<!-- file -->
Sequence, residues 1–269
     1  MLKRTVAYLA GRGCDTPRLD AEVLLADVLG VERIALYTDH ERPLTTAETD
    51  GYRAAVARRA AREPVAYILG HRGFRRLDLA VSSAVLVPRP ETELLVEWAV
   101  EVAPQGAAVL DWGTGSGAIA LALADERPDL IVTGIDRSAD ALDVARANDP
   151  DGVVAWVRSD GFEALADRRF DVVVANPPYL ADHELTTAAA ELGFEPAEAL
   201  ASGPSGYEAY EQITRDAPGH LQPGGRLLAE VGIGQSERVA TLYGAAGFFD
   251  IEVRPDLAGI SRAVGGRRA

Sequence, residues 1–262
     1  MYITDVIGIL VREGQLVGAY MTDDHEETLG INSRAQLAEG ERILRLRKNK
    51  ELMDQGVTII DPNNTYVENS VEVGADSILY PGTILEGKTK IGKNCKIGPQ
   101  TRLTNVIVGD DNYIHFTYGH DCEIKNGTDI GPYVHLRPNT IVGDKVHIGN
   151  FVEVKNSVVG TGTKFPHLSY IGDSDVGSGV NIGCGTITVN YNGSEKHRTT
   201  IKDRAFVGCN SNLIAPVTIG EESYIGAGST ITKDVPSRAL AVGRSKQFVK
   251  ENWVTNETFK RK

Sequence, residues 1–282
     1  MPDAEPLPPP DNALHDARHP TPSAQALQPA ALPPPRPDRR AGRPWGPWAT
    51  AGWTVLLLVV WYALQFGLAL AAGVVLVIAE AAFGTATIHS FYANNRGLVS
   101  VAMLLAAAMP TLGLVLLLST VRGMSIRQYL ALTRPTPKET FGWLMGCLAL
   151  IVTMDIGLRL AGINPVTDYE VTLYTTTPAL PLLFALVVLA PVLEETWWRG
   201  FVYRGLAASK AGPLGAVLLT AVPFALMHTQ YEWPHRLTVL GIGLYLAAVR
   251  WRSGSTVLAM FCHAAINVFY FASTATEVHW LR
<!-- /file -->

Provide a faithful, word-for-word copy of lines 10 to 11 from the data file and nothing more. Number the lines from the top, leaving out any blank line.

    51  ELMDQGVTII DPNNTYVENS VEVGADSILY PGTILEGKTK IGKNCKIGPQ
   101  TRLTNVIVGD DNYIHFTYGH DCEIKNGTDI GPYVHLRPNT IVGDKVHIGN